Identifying potential investors is one of the most difficult challenges facing early-stage companies.  The range of amounts sought at this stage is typically greater than what could be provided by the founders and friends and family, but below what would attract a VC or a registered broker-dealer.  The problem is even more acute in geographic regions with weak investor networks. 

Finders play an important role in filling this gap.  But many finders choose to operate without being licensed because the existing securities broker regulatory regime, appropriate for full-service broker-dealers, is disproportionately complex for those merely acting as finders.  The resulting uncertainty is a problem for companies, unregistered finders, lawyers and regulators. 

A few states have adopted their own exemptions or limited registration regimes for finders, but the vast majority have not.  The SEC in 2020 proposed a new exemption for finders who comply with certain conditions, but ultimately never acted on the proposal.

In its 2023 Annual Report, the SEC’s Office of the Advocate for Small Business Capital Formation included in its official policy recommendations that the SEC provide regulatory clarity for finders.

It’s time for the SEC to adopt common sense rules to create a realistic regulatory framework for finders.

Regulatory Background

Federal and state law prohibit any person from engaging in the business of effecting transactions in securities unless the person is registered as a broker-dealer with the SEC and is a member of FINRA. Any person who accepts a commission or other form of transaction-based compensation for raising capital is deemed to “engage in the business” and thus required to register. There’s a limited exception for introducing a potential investor to an issuer and accepting a “finder’s fee” irrespective of whether an investment occurs, but it’s the position of the SEC and most state securities administrators that anyone accepting a fee for investor introductions more than once is probably “engaged in the business of selling securities for compensation” and thus required to register as a broker-dealer. The JOBS Act of 2012 also included a limited exemption for persons brokering Rule 506 transactions provided they don’t receive transaction-based compensation.

Risks to Issuers

Using an unregistered broker to help raise capital could result in investors having a right of rescission under federal securities law, which if successfully exercised would require the company to return funds to investors.   Section 29(b) of the Securities Exchange Act provides that any contract made in violation of the Exchange Act is void as to the rights of any person in violation of the relevant provision.  Section 29(b) is broad enough that it can be interpreted to void a purchase agreement with any investor located through a finder that was acting in violation of the Exchange Act’s broker-dealer registration requirement.  The right of rescission may be exercised until the later of three years following the date of issuance of the securities and one year from the date of discovery of the violation.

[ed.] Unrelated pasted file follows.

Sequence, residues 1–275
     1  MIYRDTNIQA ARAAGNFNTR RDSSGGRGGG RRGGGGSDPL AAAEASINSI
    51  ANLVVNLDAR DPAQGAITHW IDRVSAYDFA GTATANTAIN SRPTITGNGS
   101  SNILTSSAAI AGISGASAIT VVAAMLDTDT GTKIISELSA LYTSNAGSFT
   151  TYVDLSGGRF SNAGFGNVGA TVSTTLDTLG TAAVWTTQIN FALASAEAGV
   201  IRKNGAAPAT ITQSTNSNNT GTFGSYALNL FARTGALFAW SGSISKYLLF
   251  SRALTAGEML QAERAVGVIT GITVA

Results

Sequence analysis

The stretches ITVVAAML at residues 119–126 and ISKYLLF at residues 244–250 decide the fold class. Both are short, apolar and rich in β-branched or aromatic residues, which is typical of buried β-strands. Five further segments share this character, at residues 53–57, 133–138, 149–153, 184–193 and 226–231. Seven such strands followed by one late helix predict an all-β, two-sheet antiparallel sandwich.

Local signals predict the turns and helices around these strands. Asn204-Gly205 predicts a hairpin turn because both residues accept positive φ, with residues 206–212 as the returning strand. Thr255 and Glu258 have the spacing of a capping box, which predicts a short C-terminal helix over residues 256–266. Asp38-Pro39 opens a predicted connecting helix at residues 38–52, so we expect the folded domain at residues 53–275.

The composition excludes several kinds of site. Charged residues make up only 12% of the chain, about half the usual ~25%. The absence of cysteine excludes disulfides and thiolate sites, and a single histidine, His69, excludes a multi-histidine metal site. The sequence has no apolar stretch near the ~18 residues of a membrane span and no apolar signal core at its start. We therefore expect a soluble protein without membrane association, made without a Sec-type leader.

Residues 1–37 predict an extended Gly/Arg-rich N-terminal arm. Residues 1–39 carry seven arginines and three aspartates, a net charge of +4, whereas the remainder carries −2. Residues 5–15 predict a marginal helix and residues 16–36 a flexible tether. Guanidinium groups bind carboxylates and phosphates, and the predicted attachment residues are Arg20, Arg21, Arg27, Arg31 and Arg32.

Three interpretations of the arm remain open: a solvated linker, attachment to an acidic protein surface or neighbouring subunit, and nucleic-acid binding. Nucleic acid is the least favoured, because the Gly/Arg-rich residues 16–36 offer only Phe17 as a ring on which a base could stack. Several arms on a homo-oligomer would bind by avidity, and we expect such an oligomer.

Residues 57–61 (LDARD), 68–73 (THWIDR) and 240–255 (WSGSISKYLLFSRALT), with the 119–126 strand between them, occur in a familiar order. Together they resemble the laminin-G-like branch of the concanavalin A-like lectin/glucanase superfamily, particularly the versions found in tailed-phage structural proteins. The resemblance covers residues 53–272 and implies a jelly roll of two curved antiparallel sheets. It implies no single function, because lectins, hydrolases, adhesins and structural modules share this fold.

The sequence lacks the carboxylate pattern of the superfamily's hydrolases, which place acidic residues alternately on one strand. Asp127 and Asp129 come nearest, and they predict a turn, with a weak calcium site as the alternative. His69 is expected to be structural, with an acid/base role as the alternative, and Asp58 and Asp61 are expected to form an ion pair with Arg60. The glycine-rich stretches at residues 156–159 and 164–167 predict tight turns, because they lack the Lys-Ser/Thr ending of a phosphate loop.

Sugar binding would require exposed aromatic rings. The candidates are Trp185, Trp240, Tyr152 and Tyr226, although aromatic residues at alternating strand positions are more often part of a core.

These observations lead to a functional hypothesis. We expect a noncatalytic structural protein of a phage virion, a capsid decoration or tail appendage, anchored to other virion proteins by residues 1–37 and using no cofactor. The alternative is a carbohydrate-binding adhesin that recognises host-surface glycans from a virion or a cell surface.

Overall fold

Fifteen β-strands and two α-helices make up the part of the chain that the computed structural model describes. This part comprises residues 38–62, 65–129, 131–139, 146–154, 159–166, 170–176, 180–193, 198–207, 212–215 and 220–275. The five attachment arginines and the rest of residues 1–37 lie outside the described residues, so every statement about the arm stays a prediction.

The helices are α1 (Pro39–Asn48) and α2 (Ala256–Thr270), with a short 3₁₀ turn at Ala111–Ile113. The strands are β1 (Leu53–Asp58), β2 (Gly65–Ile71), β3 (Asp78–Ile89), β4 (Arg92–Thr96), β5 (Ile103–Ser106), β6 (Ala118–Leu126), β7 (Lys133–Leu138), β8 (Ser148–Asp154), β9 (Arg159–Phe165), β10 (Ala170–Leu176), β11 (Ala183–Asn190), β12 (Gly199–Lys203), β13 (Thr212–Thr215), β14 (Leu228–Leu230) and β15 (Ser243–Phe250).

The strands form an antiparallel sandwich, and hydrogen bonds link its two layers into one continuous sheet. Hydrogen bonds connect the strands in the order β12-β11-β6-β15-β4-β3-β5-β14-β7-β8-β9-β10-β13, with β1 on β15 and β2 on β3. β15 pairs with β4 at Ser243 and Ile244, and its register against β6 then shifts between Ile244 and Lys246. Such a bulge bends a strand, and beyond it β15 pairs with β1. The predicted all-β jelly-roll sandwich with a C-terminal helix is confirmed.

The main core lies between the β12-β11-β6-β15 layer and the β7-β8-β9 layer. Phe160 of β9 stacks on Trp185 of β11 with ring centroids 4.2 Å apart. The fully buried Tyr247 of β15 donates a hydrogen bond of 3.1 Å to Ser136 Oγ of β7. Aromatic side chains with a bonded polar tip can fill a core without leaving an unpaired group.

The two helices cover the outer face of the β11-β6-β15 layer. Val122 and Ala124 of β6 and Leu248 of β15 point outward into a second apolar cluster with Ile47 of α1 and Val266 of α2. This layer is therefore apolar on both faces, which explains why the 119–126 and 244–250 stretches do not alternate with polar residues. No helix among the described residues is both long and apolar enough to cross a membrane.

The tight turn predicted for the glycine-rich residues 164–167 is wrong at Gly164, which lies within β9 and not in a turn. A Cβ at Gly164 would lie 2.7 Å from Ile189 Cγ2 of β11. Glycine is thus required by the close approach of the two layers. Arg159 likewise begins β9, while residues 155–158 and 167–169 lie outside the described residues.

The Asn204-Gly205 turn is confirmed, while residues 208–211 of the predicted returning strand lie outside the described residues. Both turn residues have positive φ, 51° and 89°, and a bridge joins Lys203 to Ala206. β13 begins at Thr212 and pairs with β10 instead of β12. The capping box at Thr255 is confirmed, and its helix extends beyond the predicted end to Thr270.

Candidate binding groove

For companies that have used unregistered finders in the past, the risk of potential rescission rights often raises significant risks in future rounds because of the uncertainty as to how long rescission rights may be exercised.  Companies that use unregistered broker-dealers could also be hit with SEC enforcement actions for aiding and abetting an Exchange Act violation.

Risks to Finders

Issuers may have rescission rights against unregistered finders.  Issuers could claim their obligations to a finder under a finder’s engagement letter are void if the finder acted in violation of the Exchange Act’s broker-dealer registration requirements.  A finder acting as an unregistered broker-dealer may also be at risk of an SEC enforcement action, the most common of which is a temporary or permanent injunction barring the finder from participating in the purchase or sale of securities. The SEC has the power to impose more severe sanctions, including disgorgement of funds, which are no longer limited to cases just involving fraud.

Finder Issues Unique to Early-Stage Companies

So why don’t finders just register as broker-dealers and become members of FINRA?  The problem is that broker-dealer registration and the FINRA membership application process are disproportionately complex for someone acting only as a finder. The ongoing regulatory requirements – appropriate for a full-service broker-dealer, i.e., one that engages in market making, over-the-counter trading for customers, proprietary trading, holding customer funds or securities, making margin loans, etc. – are similarly overwhelming for a finder.